The above article can be found at: Rabbi To Give Invocation on Obama’s Big Day

Michelle Obama has rabbi in her family

Posted in ZioBama with tags , , , on September 6, 2008 by The 800 Pound Gorilla

The Jewish Daily Forward
September 2, 2008
By Anthony WeissWhile Barack Obama has struggled to capture the Jewish vote, it turns out that one of his wife’s cousins is the country’s most prominent black rabbi — a fact that has gone largely unnoticed.
Michelle Obama, wife of the Democratic presidential nominee, and Rabbi Capers Funnye, spiritual leader of a mostly black synagogue on Chicago’s South Side, are first cousins once removed. Funnye’s mother, Verdelle Robinson Funnye (born Verdelle Robinson) and Michelle Obama’s paternal grandfather, Frasier Robinson Jr., were brother and sister.

Funnye (pronounced fuh-NAY) is chief rabbi at the Beth Shalom B’nai Zaken Ethiopian Hebrew Congregation in southwest Chicago. He is well-known in Jewish circles for acting as a bridge between mainstream Jewry and the much smaller, and largely separate, world of black Jewish congregations, sometimes known as black Hebrews or Israelites. He has often urged the larger Jewish community to be more accepting of Jews who are not white.

Funnye’s famous relative gives an unexpected twist to the much-analyzed relationship between Barack Obama and Jews in this presidential campaign. On the one hand, Jewish political organizers, voters and donors played an essential role in Obama’s rise to power in Chicago, including some of the city’s wealthiest and most prominent families. But the Illinois senator has struggled to overcome suspicions in some parts of the Jewish community, including skepticism about his stance on Israel and discredited but persistent rumors that he is secretly a Muslim.

Funnye, who described himself as an independent, said he has not been involved with the Obama campaign but that he has donated money and was cheering it on.

“I know that her grandfather and her father and my mom and all of our relatives that are now deceased would be so very, very proud of both of them,” Funnye told the Forward.

Michelle Obama and the Obama campaign did not respond to requests for comment.

Funnye told the Forward that he has known Michelle Obama (born Michelle Robinson) all her life. His mother and her father, Frasier Robinson III, enjoyed a close relationship, and Funnye said he saw Michelle several times a year when they were growing up, mostly at family functions and on occasional visits to her house.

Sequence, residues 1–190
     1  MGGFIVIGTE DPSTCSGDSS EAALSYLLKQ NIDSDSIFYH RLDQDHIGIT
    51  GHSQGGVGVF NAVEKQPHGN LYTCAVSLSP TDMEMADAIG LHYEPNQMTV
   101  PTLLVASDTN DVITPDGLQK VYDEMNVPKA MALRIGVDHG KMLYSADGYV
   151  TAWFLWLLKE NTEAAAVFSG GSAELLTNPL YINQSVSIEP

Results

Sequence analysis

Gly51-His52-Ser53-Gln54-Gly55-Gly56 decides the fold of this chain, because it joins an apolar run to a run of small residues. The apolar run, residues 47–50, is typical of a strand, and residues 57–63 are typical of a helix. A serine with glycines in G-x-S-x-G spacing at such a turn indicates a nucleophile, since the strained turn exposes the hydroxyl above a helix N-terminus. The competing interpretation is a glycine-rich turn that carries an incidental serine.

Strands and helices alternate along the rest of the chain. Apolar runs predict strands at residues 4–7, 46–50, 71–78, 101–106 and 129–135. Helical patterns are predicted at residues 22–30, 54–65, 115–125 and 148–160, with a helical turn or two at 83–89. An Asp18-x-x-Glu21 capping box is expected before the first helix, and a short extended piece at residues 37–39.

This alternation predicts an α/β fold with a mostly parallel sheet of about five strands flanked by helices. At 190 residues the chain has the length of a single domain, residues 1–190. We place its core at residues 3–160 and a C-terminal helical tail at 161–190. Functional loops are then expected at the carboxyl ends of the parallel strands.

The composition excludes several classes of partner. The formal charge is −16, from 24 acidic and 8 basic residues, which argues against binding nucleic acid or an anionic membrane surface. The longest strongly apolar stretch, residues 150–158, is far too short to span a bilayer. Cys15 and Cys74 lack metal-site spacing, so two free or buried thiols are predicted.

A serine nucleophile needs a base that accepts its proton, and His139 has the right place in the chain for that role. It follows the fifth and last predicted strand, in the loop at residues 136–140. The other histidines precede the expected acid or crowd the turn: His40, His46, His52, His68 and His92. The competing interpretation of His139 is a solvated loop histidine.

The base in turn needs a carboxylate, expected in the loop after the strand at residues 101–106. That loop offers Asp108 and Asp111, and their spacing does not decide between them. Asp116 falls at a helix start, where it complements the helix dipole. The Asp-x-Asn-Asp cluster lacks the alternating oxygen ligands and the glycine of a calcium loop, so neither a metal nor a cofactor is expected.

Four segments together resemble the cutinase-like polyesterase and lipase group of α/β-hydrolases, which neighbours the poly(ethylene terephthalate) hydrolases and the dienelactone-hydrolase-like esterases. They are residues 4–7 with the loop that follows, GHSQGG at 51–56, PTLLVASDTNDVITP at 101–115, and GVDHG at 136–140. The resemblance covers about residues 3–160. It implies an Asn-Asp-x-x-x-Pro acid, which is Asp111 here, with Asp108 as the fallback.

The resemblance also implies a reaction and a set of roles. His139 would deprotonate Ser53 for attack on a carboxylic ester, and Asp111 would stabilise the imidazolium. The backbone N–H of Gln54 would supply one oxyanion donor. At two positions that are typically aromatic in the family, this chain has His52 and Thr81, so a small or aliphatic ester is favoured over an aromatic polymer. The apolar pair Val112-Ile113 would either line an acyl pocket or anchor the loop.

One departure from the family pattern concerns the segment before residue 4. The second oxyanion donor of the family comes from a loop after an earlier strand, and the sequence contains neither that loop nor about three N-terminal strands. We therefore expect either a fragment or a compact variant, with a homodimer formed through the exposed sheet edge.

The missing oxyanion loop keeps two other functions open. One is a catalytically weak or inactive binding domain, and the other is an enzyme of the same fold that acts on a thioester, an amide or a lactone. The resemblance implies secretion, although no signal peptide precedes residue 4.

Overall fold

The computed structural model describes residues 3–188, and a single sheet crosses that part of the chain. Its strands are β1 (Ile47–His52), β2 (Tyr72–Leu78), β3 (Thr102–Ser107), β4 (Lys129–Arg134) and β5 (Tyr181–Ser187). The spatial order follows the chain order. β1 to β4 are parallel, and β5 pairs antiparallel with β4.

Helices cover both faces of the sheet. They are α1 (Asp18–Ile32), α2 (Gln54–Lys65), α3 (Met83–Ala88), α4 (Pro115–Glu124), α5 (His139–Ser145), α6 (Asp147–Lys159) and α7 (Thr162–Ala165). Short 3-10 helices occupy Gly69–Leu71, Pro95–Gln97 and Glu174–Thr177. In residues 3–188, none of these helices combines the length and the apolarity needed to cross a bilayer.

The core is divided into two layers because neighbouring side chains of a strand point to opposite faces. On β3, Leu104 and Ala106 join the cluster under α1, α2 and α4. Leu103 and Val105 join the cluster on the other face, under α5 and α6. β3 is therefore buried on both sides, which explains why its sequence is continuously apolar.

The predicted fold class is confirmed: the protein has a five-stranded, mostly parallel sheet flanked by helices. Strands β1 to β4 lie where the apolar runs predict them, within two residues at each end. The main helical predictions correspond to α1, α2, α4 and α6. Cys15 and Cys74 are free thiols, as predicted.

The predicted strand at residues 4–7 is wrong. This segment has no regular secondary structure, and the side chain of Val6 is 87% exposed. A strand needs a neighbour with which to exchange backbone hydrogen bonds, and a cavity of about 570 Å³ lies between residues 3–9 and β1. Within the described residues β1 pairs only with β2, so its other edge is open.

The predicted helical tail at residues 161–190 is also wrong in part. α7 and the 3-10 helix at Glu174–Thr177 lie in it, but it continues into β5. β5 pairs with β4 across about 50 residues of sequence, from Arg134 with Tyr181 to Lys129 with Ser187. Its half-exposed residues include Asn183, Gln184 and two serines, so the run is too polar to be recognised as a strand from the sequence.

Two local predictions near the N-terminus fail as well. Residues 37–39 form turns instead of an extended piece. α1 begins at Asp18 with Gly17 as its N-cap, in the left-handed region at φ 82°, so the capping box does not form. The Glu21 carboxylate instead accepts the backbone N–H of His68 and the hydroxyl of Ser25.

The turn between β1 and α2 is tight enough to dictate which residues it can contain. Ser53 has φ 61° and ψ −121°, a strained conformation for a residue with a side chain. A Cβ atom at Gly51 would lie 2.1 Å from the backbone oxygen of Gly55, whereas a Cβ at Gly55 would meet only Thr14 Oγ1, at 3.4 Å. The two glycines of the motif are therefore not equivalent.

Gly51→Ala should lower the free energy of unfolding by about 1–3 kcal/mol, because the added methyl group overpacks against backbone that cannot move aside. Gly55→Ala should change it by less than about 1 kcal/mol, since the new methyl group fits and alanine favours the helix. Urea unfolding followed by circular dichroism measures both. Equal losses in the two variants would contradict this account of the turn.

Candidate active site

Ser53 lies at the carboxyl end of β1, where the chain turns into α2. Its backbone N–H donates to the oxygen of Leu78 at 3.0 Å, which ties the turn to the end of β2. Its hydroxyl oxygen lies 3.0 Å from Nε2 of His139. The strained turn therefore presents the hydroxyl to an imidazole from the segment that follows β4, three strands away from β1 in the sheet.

“Her father was like the glue of our family,” Funnye said. “He always wanted to keep the family very connected and to stay in touch with each other.”

Funnye, 56, said he and Michelle, 44, were not especially close growing up, but he remembers her as “energetic and smart and very caring.”

The two fell out of touch when they grew older and went their separate ways but then reconnected years later when Michelle Obama was working for the University of Chicago and Funnye was leading a local social service organization called Blue Gargoyle. Funnye also worked with Barack Obama, then a state senator, who came and spoke at events for the organization. When Barack and Michelle Obama married, Funnye and his family attended the wedding.

Although Funnye’s congregation describes itself as Ethiopian Hebrew, it is not connected to the Ethiopian Jews, commonly called Beta Israel, who have immigrated to Israel en masse in recent decades. It is also separate from the Black Hebrews in Dimona, Israel, and the Hebrew Israelite black supremacist group whose incendiary street harangues have become familiar spectacles in a number of American cities.

Funnye converted to Judaism and was ordained as a rabbi under the supervision of black Israelite rabbis, then went through another conversion supervised by Orthodox and Conservative rabbis. He serves on the Chicago Board of Rabbis.

Funnye’s relationship with the Obama family was reported in the Chicago Jewish News in an article dated August 22. A Wall Street Journal article in April reported that the aspiring first lady had a cousin (whom the paper mistakenly referred to as a second cousin) who is a prominent black rabbi but did not mention Funnye by name.

The rabbi’s familial connection with the Democratic presidential nominee is also a matter of common knowledge in Funnye’s synagogue.

“He really jumped on everyone’s radar after the 2004 convention,” Funnye said. “That’s when some people said, ‘Isn’t he related to you or something?’ I said, ‘Yeah, he’s married to my cousin, and she’s making him everything that he is.’”

This article can be found at: http://www.forward.com/articles/14121/

Michelle Obama has rabbi in her family